Transfer tests: Thousands of Northern Ireland children receive results
Thousands of children in Northern Ireland have received the results of their post-primary school entrance exams.
Most grammar schools have been using unregulated tests to select pupils since 2008, when the 11-plus exam was scrapped by the Department of Education.
The numbers of entrants taking the transfer tests rose again in 2015/16.
Results of both tests are sent to pupils by post on the same day.
There are two testing systems - GL Assessment exams are mostly used by Catholic schools, while AQE exams are mostly used by controlled schools.
There have been attempts to create a single, unofficial exam, and more talks towards that end are expected to take place this year.
However, efforts to find a common transfer test have so far failed.
Currently, children aged 10 and 11 in Primary Seven can opt to sit either exam, both GL and AQE tests or none.
A number of grammar schools in the Catholic sector have announced that they will no longer decide their intake by academic selection in recent years.
Earlier this month, Omagh Christian Brothers' School and Loreto Grammar, Omagh, became the latest to abandon selection.
However, the 2015/2016 academic year is the seventh year the unregulated tests have been run and the number of children taking them has increased.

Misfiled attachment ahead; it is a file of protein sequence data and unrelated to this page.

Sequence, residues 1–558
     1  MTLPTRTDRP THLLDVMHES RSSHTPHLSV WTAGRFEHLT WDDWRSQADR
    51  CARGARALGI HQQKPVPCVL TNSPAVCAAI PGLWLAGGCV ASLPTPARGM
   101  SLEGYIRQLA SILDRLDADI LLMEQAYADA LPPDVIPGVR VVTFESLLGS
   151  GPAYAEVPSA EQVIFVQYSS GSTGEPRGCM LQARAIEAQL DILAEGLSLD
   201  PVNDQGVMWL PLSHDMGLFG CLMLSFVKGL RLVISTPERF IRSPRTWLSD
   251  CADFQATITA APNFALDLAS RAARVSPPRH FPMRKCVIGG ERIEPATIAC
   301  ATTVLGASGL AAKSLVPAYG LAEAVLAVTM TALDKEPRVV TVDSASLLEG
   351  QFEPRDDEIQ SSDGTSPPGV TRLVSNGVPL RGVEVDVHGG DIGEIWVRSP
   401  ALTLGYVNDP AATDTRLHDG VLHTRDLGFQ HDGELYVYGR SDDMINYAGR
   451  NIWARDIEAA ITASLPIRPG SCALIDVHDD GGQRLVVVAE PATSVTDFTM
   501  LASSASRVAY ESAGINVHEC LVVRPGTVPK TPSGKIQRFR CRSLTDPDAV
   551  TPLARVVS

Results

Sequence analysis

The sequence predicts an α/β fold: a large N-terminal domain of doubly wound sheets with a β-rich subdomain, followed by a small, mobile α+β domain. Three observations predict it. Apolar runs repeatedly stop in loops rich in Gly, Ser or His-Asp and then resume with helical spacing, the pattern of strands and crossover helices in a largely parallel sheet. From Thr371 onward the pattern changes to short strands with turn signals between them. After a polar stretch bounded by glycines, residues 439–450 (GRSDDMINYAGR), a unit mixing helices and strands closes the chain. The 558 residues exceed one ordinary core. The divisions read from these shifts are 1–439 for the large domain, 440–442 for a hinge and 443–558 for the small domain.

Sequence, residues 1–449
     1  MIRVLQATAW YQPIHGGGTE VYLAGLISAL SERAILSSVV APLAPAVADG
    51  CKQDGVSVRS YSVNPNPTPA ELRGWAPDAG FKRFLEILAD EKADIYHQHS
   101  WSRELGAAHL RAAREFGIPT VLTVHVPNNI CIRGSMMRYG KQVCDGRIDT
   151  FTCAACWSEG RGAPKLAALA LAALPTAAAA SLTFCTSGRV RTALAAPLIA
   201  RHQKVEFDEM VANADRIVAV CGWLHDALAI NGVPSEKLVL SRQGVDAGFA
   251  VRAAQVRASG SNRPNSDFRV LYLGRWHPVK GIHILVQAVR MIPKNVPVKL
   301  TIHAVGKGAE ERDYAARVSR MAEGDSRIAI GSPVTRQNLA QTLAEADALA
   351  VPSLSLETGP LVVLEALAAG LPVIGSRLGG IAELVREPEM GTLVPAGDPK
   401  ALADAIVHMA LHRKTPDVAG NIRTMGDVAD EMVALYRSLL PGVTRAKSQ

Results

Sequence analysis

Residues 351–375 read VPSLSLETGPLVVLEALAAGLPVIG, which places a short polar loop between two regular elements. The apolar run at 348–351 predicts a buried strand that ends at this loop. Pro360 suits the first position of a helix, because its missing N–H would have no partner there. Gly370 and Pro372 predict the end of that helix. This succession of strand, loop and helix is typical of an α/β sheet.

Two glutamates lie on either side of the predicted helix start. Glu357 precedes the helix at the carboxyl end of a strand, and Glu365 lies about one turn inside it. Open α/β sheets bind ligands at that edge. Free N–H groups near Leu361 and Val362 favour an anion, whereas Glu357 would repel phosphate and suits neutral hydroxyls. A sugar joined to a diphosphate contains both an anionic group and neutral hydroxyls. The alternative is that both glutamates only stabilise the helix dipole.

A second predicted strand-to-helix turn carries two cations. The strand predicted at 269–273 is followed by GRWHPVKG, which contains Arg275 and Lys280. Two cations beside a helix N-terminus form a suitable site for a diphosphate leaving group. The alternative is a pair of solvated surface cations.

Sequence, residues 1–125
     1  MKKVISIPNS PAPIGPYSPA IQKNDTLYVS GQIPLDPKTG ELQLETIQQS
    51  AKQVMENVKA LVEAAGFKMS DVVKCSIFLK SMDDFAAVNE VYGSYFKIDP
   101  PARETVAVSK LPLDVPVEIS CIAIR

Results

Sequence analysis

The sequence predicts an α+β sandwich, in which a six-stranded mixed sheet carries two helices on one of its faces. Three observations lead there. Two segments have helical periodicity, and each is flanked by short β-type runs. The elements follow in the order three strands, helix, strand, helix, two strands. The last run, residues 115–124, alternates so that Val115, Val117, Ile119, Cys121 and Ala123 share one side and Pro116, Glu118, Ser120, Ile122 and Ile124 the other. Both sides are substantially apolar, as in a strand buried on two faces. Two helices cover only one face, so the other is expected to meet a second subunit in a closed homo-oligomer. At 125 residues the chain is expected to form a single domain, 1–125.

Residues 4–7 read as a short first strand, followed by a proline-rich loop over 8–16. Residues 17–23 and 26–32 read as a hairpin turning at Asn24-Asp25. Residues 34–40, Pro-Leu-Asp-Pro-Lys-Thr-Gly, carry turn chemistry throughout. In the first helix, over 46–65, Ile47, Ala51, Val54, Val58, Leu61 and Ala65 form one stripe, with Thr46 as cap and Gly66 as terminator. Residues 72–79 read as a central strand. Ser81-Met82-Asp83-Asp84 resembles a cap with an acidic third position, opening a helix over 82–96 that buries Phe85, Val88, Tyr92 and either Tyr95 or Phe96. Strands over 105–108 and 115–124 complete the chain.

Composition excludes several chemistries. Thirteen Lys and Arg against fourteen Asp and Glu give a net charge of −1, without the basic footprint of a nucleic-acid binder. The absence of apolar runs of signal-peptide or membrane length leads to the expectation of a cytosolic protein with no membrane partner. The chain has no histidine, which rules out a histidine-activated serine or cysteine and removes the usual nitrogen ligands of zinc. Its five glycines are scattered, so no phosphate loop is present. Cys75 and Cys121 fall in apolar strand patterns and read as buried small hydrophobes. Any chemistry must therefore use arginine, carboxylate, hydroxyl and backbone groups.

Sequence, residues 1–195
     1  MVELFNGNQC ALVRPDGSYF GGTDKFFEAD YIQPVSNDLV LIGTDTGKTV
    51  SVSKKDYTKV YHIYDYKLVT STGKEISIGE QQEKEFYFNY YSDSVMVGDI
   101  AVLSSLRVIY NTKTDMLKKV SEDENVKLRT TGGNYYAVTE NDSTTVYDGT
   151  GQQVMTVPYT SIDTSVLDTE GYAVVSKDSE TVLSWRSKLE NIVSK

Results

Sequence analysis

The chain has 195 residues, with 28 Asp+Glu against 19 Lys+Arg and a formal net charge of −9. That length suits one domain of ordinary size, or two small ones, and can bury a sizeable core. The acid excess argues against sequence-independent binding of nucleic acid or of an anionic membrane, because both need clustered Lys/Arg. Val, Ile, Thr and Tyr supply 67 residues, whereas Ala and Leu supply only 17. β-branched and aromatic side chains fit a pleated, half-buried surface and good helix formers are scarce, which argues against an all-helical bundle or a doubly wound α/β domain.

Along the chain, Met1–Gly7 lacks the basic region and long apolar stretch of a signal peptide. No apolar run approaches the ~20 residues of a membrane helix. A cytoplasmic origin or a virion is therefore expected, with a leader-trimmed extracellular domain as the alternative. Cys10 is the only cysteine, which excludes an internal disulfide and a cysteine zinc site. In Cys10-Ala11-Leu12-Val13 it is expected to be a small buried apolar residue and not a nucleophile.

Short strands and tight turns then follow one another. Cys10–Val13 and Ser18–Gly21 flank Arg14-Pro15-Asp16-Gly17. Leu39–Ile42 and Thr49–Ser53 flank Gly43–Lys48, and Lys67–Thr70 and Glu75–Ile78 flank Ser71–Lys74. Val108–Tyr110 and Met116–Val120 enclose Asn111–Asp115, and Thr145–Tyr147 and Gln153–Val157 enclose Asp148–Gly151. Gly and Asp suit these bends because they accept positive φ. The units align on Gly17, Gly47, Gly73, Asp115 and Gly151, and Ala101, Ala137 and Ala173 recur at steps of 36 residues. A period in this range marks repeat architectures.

There were a total of 14,575 entrants to the tests this year, although some children will have sat both tests.
A total of 7,772 pupils sat this year's AQE exam - the exam body's highest number of entrants since the unofficial tests began - and an increase from 7290 in 2014/15.
The number sitting this year's GL Assessment decreased from 7061 in 2014/15 to 6803, but this was due to Ballymena Academy switching from GL to the AQE exam.
Pupils take AQE tests on three separate Saturdays, while they take GL tests in English and Maths on the same day.
Both GL and AQE take the age of candidates into account when providing a mark.
Education Minister John O'Dowd wished pupils transferring to post-primary school well, but said he did not approve of the tests.
"My view remains that it is unacceptable that a minority of schools force thousands of young people to sit unregulated transfer tests," he said.
"Gone are the days when a test set at 11 sets the course of a child's educational pathway and indeed their career."
"It is time for the schools who use academic selection to end this unnecessary use of entrance tests."
Although pupils will receive their test mark on Saturday, they will not know which post-primary school they will transfer to until May or June.